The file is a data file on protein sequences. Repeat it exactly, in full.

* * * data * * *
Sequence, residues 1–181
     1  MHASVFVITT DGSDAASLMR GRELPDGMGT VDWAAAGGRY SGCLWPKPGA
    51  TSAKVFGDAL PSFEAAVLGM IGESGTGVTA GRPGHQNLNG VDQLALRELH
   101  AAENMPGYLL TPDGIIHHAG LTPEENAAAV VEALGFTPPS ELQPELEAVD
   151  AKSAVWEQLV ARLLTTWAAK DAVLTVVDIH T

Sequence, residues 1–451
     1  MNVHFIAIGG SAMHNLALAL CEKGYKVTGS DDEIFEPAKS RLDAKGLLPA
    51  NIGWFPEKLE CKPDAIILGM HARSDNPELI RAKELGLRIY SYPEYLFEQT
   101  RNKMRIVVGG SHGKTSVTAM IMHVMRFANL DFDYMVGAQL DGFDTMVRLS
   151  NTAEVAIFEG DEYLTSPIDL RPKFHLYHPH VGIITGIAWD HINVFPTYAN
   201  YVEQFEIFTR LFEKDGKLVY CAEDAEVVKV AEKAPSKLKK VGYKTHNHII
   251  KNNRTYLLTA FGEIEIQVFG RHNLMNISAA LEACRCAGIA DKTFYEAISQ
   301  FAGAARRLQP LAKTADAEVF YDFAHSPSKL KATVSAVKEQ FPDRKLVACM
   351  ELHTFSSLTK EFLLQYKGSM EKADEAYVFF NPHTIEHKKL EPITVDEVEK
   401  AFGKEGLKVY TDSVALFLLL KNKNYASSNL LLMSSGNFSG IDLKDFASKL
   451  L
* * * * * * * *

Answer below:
Sequence, residues 1–181
     1  MHASVFVITT DGSDAASLMR GRELPDGMGT VDWAAAGGRY SGCLWPKPGA
    51  TSAKVFGDAL PSFEAAVLGM IGESGTGVTA GRPGHQNLNG VDQLALRELH
   101  AAENMPGYLL TPDGIIHHAG LTPEENAAAV VEALGFTPPS ELQPELEAVD
   151  AKSAVWEQLV ARLLTTWAAK DAVLTVVDIH T

Sequence, residues 1–451
     1  MNVHFIAIGG SAMHNLALAL CEKGYKVTGS DDEIFEPAKS RLDAKGLLPA
    51  NIGWFPEKLE CKPDAIILGM HARSDNPELI RAKELGLRIY SYPEYLFEQT
   101  RNKMRIVVGG SHGKTSVTAM IMHVMRFANL DFDYMVGAQL DGFDTMVRLS
   151  NTAEVAIFEG DEYLTSPIDL RPKFHLYHPH VGIITGIAWD HINVFPTYAN
   201  YVEQFEIFTR LFEKDGKLVY CAEDAEVVKV AEKAPSKLKK VGYKTHNHII
   251  KNNRTYLLTA FGEIEIQVFG RHNLMNISAA LEACRCAGIA DKTFYEAISQ
   301  FAGAARRLQP LAKTADAEVF YDFAHSPSKL KATVSAVKEQ FPDRKLVACM
   351  ELHTFSSLTK EFLLQYKGSM EKADEAYVFF NPHTIEHKKL EPITVDEVEK
   401  AFGKEGLKVY TDSVALFLLL KNKNYASSNL LLMSSGNFSG IDLKDFASKL
   451  L